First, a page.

Euspinolia militaris

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Panda Ant
Hormiga panda.png
Panda ant.
Scientific classification
E. militaris

Mickel, 1938

The panda ant (Euspinolia militaris) is a species of hymenoptera insect from the Mutillidae family.[1] Despite looking like an ant and being referred as such, it is in fact a form of wingless wasp.[2]


This species was found in 1938. It inhabits the Chilean sclerophyll forests at Coquimbo. The animal is colloquially known as panda ant due to its fur and coloration; with white coat covering all of its head except the eyes, and black and white spots appearing over the rest of its segments. And that is what it makes it look like a panda.This insect is also known as cow-killer. Females possess thicker fur but lack wings.This is characteristic of sexual dimorphism: as the females are wingless and males usually have wings. Also When fully grown, it can measure up to 8 millimeters in length, and 2-8 millimeters in height

This species mainly feeds on nectar from plants.

The Mutillid females are also known to be ectoparasites of mature larvae or pre-pupae of other insects, mostly of other Hymenoptera species.

The colors that the Panda Ant possesses are aposematic, meaning that the black and white color serves as a warning to predators and repels them. These colors are unique because the panda ant is the only wasp to bare these colors. The panda ant also has other defense mechanisms besides its aposematic colors, such as a painful and powerful sting, and the ability to produce audible squeaking once its body sends distress signals to its organs in the abdomen. [3] They also have a very tough exoskeleton The species may be endangered due to excessive predation, despite a fertile yearly spawning numbering thousands. The furry panda ant lives for about two years. They are related to the Red Velvet Ant, which are also called Cow Killers.


Stridulation is an acoustic behavior that is well studied in Arthropods; essentially, it’s the result of sound production from rubbing two rigid parts of the body. The emission of distress stridulation is a common defense mechanism among insects, including species from the order Hymenoptera (ants, bees and wasps). Wasps from the family Mutillidae (also known as velvet ants) emit audible distress stridulations when attacked.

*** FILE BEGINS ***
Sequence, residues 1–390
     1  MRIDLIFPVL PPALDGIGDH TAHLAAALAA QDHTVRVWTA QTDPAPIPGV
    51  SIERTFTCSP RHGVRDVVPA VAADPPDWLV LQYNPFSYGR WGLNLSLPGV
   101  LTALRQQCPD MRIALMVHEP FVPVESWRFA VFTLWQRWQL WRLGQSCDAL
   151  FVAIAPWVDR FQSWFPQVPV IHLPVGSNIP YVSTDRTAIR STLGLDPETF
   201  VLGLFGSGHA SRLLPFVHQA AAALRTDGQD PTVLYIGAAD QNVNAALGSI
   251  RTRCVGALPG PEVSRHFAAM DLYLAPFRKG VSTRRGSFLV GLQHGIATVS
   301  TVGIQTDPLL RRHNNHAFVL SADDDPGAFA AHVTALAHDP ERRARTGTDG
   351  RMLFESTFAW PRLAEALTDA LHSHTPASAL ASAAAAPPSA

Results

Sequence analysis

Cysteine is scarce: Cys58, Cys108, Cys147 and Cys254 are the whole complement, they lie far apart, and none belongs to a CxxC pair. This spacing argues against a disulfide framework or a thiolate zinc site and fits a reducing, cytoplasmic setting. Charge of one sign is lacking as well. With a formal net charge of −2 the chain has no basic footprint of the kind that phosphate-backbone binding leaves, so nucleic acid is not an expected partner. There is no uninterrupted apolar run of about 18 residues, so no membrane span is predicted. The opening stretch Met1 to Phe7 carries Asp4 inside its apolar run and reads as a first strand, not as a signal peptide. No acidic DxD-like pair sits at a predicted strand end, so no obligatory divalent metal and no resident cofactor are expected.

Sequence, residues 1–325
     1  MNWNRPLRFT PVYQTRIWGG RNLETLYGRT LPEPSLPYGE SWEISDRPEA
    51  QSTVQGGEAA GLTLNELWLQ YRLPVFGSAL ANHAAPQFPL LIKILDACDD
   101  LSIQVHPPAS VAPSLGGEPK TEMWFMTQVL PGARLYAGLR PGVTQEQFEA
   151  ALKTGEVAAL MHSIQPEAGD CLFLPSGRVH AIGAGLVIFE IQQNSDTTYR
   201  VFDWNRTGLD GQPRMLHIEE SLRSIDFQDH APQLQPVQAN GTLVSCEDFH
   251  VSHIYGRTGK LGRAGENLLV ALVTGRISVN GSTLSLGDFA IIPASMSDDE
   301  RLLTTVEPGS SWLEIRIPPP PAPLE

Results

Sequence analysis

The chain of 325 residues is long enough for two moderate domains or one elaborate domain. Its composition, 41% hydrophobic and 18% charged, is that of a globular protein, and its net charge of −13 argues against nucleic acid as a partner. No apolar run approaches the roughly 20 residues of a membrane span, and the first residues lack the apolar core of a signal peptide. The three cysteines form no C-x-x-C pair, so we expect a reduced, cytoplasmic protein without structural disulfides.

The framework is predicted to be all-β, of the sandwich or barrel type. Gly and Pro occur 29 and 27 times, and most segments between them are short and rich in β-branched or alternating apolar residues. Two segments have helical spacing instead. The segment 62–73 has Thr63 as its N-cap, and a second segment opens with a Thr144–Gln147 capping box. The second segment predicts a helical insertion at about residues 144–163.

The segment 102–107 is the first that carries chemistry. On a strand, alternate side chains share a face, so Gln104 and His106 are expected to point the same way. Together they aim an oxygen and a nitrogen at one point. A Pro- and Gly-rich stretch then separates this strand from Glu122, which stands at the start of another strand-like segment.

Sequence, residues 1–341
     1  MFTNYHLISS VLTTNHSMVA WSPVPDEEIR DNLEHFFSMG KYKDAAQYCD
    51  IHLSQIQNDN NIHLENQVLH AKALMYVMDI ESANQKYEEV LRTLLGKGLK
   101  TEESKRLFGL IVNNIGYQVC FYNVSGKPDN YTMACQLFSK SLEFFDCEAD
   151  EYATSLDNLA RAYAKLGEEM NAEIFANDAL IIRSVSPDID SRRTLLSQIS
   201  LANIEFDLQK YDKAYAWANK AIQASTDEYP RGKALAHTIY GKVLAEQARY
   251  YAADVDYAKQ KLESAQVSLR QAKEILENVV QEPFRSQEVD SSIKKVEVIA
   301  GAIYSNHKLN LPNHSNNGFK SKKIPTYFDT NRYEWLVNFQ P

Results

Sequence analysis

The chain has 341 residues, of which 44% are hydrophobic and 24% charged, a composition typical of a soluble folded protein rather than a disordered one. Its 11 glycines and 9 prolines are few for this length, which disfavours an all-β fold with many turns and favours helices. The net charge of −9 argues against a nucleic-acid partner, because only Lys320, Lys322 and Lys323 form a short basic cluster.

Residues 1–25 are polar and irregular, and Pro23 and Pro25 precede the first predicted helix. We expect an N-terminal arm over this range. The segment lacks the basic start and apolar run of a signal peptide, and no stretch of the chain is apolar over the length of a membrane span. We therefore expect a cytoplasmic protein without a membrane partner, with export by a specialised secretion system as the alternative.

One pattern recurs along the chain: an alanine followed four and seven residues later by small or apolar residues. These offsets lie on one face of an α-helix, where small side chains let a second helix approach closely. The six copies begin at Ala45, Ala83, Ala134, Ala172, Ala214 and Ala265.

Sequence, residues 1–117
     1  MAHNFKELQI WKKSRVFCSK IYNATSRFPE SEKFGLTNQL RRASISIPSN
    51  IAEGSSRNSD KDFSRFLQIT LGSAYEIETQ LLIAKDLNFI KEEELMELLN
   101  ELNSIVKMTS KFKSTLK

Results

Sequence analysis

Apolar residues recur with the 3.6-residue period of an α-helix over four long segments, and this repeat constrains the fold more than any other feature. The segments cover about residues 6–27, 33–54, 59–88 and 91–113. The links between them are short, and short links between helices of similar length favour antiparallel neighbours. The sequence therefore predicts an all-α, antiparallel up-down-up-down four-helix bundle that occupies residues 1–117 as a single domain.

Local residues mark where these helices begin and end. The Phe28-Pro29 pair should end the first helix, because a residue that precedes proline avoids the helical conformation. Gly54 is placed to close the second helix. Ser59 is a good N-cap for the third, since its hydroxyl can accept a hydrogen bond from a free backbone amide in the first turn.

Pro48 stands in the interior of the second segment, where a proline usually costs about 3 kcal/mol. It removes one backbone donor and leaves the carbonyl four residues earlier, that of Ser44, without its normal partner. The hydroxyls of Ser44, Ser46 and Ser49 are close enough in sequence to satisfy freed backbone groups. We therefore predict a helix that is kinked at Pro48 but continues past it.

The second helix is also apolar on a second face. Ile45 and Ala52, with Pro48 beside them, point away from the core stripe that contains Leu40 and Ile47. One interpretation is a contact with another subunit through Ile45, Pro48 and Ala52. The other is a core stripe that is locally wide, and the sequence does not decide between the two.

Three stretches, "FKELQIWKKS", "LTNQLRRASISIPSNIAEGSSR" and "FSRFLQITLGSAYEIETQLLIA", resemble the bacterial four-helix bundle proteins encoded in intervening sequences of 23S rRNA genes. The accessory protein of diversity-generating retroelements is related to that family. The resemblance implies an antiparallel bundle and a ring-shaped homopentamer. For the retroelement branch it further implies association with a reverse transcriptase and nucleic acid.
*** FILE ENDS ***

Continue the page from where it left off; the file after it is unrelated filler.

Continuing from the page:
This behavior has been observed on both sexes of Mutillids where the stridulatory organ is located on the second and third termite of the gaster, and consists of a file and a scraper. Sound is produced when the file rubs the scraper, activated by dorsoventral movements. Although the function of stridulation in Mutillids is not clear, it has been proposed that these sounds may act as a defense mechanism or mating signal.


They exhibit extreme sexual dimorphism, thus making it difficult for people to differentiate between the two sexes. The males and female are so different, it’s difficult for many people to determine the two sexes are actually the same species unless they are seen in the mating process. If one is lucky to find them mating, one discovers that the male is actually larger than the female. This is to win over the female as a mate. Just like in most Hymenoptera species, the male panda ant carries the female aloft while mating. Such feature is also common in the correlated family 'Tiphiidae'. After mating, the female gets inside an insect nest, such as a wasp nest or bumblebee nest, and deposits one egg close to each pupa or larva already in the nest. The young panda ants then develop or grow as "idiobiont ectoparasitoids" which means that they eventually kill their immobile pupa or larva host within just a few days time. Only females have stingers, which are modified ovipositors. Males typically operate at night, while the female ’ants’ are more active during the day.


This species is extremely rare, laying about 2000 eggs per year. While to many that might look like a lot, few survive due to their bright colors standing out to predators. Their short lifespan (two years) also factors into their low survival rate.


  1. ^ Pagliano, Guido (2011-10-31). "I Mutillidae (Hymenoptera) della collezione Zavattari Le collezioni del Museo Regionale di Scienze Naturali di Torino. II". Bollettino. Museo Regionale di Scienze Naturali. Torino (in Italian). 28–1: 37–60 – via ResearchGate.
  2. ^ Finley, Reginald V. (2016-01-17). "The Panda Ant (Euspinolia militaris)". Exploring Our Planet's Amazing Biodiversity. Amazing Life. Retrieved 2018-01-10.
  3. ^ Gall, Brian G.; Spivey, Kari L.; Chapman, Trevor L.; Delph, Robert J.; Brodie, Edmund D.; Wilson, Joseph S. (2018). "The indestructible insect: Velvet ants from across the United States avoid predation by representatives from all major tetrapod clades". Ecology and Evolution. 8 (11): 5852–5862. doi:10.1002/ece3.4123. ISSN 2045-7758. PMC 6010712. PMID 29938098.